After you have researched and selected the best tree to plant in your yard, it’s time to get it in the ground! Digging the right-size planting hole is the key to getting your new tree off to a good start, but there are a few other factors in play, too, such as timing.
Fall and Spring are the best times to do your digging. That’s because hot summer temperatures can stress new plants, especially if they don’t get much rain.
So whether this is your first tree planting, or you’ve planted a forest by now, we’re always learning. Knowing how to plant a tree the right way … will ensure your efforts will not be in vain.
I’ve assembled this step-by-step guide to get your new tree off to a great start!
How To Plant A Tree
1.) Assemble Your Tree Planting Materials:
- The Tree (obviously ; )
- A Spade or Sod Cutter
- Round Shovel
- Tarp or Plastic to Hold Soil
- Garden Hose / Bucket / Soaker Hose
- Scissors or Knife
- Stake (if needed)
2.) Dig A Proper Hole
*** Before you start, make sure you call your local Diggers Hotline (in Illinois it’s JULIE – Call 811 or 1-800-892-0123) to place a free locate request to verify that there are no underground utility lines, like gas lines or electric power lines, where you are going to dig.
Now let’s get started … first, prepare a hole two to three times as wide as the root ball of your tree. Dig down to about the depth of the root ball so when it’s resting on the bottom of the hole, the tree is at the same level with the ground as it was in its container. Handle the root ball carefully to keep it intact while you place it in the hole. Once it’s in, turn it so the best side of the tree is facing the direction you want.
With burlapped root balls, cut the twine and remove the burlap (or at least push it to the bottom of the hole). It’s okay to leave some burlap in the hole to decompose. However, remove all plastic or treated burlap.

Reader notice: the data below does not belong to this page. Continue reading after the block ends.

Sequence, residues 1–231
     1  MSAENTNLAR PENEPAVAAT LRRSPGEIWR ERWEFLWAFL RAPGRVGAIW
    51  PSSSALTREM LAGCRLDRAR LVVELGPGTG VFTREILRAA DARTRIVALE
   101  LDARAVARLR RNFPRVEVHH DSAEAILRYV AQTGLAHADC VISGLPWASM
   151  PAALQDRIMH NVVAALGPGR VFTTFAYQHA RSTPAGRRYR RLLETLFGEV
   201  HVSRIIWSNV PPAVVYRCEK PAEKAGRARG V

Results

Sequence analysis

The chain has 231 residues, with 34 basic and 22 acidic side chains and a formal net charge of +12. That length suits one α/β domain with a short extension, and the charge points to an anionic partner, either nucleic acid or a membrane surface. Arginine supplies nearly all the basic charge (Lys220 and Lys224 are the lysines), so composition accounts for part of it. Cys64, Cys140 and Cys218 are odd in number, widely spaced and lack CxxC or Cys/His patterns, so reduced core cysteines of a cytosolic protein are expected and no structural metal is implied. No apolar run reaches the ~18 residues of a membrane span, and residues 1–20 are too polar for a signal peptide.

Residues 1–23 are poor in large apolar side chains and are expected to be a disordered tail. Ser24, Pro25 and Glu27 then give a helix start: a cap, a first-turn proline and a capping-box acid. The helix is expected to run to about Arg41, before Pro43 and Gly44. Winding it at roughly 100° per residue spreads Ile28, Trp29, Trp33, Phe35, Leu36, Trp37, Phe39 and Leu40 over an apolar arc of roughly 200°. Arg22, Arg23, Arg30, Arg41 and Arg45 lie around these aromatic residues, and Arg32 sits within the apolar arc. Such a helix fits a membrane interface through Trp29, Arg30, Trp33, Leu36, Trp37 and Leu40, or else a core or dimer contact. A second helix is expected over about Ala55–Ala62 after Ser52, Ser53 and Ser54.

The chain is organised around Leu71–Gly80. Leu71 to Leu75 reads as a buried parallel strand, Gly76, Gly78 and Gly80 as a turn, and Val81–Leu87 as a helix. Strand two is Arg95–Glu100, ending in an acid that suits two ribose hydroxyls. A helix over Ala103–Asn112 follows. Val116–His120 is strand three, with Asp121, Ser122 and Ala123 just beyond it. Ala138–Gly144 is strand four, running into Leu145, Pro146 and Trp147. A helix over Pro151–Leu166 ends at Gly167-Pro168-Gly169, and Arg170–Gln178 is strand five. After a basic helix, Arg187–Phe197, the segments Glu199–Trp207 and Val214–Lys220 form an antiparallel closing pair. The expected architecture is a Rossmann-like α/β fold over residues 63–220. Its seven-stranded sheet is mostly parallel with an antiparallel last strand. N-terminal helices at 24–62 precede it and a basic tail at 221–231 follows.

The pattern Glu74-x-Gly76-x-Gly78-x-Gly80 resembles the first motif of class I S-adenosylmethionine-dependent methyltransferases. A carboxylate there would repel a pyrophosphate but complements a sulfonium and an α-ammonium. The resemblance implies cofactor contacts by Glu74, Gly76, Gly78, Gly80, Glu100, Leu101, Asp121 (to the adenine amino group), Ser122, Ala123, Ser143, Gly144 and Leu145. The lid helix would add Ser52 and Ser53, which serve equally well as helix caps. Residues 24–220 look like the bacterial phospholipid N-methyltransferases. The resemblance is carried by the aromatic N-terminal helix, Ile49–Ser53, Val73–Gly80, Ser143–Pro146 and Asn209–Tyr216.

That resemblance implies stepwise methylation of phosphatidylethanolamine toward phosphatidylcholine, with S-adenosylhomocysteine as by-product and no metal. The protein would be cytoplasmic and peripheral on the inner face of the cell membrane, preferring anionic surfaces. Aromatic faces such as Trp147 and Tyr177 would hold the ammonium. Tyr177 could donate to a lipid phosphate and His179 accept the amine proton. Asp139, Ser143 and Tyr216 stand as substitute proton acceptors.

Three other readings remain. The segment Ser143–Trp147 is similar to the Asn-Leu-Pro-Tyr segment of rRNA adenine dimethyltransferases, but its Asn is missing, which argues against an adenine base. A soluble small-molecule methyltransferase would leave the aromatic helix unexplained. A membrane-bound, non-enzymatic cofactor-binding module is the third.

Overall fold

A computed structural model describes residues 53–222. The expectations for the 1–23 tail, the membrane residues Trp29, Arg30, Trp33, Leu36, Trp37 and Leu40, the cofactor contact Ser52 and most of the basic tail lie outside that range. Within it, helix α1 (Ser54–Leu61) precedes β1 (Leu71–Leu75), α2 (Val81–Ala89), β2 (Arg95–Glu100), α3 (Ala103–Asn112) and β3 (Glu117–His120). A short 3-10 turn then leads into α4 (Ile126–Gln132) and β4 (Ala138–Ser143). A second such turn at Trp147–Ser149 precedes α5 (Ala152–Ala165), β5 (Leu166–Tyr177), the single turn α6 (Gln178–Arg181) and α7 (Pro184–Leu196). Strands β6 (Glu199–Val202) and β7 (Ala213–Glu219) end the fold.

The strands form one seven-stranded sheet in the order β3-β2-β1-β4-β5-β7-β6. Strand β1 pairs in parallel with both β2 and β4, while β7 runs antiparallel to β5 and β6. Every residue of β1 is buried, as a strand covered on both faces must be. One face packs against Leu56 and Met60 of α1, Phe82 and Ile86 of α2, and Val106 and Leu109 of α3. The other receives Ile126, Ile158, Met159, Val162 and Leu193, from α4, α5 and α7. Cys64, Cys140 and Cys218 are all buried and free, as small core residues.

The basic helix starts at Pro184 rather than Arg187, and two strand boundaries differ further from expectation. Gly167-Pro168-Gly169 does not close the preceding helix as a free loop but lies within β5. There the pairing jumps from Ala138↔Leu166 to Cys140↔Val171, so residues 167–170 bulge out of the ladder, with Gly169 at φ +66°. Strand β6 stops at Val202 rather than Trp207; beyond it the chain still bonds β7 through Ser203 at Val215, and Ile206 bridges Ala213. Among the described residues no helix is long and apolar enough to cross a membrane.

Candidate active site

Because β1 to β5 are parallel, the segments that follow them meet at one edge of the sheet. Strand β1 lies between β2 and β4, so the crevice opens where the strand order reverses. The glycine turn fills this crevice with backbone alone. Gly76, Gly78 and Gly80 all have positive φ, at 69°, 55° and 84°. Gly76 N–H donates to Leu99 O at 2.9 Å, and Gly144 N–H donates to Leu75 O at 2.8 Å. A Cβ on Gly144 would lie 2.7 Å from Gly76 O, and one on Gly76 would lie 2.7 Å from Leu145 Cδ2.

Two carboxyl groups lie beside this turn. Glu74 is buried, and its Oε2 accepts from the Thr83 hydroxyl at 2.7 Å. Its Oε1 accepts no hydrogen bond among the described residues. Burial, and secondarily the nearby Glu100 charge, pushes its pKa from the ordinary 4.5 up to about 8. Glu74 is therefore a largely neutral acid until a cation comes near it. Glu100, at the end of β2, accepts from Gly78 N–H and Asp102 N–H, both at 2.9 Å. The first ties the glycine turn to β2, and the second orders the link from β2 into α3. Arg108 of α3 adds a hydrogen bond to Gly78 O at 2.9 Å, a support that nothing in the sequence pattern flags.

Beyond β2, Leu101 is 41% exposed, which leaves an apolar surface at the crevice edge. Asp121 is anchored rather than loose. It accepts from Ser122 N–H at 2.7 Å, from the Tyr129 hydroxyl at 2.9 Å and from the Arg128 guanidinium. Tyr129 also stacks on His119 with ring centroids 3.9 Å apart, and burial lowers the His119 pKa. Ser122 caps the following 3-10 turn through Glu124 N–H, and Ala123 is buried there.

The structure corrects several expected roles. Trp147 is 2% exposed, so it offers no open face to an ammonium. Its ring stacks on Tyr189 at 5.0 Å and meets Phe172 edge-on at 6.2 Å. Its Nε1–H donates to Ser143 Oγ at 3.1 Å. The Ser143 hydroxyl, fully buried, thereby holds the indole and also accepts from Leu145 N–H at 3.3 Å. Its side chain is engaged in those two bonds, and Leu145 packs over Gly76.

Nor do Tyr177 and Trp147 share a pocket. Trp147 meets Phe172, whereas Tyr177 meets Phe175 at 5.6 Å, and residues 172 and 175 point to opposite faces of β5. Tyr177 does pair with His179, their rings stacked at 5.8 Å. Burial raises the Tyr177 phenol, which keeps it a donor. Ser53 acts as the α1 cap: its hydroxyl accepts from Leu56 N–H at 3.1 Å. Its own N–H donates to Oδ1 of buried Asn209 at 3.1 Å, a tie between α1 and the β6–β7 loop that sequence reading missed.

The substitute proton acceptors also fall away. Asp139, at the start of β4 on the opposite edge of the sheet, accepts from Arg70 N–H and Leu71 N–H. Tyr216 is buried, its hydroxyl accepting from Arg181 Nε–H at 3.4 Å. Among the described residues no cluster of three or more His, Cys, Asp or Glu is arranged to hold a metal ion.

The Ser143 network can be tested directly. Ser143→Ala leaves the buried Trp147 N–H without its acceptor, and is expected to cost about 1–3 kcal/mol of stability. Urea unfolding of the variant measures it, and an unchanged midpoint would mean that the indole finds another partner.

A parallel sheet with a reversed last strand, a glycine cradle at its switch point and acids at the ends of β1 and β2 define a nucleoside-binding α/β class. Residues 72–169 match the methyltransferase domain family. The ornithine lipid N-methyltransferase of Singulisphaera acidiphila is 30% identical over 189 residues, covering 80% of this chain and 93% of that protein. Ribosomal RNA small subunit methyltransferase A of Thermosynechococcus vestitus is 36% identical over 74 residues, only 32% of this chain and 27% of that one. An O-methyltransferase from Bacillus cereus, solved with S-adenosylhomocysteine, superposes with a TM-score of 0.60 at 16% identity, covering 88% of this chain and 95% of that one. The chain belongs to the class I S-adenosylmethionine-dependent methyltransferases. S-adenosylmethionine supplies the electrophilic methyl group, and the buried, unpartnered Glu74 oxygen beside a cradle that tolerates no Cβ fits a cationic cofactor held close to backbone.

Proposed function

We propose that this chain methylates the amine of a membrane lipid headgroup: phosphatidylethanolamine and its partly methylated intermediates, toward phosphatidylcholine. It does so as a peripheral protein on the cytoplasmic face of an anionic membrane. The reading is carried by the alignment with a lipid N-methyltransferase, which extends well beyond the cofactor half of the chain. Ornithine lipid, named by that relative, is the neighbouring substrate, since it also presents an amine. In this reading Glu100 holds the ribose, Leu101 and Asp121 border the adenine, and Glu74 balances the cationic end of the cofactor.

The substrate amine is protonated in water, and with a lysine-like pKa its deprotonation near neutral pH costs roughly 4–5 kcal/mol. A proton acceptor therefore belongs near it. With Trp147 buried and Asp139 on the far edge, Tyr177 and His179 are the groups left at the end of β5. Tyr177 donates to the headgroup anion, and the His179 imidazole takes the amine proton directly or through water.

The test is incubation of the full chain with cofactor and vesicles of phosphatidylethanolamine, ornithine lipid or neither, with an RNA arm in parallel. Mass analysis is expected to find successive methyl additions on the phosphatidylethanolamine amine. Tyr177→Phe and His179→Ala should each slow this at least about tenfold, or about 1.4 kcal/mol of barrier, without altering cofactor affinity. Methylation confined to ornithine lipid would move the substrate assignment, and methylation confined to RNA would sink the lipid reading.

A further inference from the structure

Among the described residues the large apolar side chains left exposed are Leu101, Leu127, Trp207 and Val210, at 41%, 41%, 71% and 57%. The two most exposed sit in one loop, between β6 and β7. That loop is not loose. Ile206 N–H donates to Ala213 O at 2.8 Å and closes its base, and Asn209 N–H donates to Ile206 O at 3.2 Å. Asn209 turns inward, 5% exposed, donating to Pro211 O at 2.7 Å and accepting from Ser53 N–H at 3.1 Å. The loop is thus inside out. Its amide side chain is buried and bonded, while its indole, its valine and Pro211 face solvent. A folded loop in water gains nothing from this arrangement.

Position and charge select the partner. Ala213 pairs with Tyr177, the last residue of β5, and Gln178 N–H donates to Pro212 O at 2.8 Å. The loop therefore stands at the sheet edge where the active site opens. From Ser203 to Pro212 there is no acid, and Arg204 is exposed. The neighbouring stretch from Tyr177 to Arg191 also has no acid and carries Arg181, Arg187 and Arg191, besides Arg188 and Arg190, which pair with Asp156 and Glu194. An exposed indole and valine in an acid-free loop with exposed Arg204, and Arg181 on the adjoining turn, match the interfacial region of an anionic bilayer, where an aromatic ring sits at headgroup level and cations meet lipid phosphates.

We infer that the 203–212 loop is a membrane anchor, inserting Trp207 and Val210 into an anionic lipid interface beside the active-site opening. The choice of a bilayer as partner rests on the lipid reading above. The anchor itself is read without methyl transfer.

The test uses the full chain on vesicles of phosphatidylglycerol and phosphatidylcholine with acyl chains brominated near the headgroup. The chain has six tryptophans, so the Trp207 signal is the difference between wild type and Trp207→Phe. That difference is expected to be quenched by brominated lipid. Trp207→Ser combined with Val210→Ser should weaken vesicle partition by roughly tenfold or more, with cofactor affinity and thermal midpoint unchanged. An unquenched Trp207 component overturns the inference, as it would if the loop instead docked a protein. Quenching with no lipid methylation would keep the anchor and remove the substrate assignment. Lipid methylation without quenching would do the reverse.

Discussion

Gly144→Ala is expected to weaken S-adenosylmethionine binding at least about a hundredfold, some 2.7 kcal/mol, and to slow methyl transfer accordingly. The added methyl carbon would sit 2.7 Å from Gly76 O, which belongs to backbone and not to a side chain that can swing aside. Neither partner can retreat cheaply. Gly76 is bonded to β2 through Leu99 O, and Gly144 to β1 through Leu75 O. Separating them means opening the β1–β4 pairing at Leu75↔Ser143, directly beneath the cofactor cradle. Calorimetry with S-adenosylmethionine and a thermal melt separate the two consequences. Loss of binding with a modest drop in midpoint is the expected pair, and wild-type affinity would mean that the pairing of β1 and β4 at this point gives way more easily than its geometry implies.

For potted trees, to encourage root growth, tease the outer roots from the soil. If the roots are tightly matted, use a knife to score the root mass in several places and gently loosen the root ball. This won’t harm the plant and will encourage new root growth.
Did You Know … Planting too deep is the top reason that trees and shrubs die. So take your time with this step – it helps to have another person assisting to eyeball the hole, lift the tree, and guide it into the hole.
A good way to approach this is to look for the flare of the trunk near the soil level. Don’t place the tree in the planting hole so deep that any part of that flare is covered with soil. You want the root mass to sit on undisturbed soil. When planting is complete, the trunk flare should be slightly above the existing soil grade.
3.) Backfill Soil into the Hole
The thinking on backfill has changed in recent years. Although it was once common to modify the backfill soil with amendments — such as compost, peat moss, aged manure and other ingredients — it is now considered best practice to leave the backfill unaltered or add minimal amendments.
Instead, simply break up the clumps in existing soil, remove any rocks and backfill. This encourages roots to spread out into the native soil, rather than staying within the confines of the planting hole.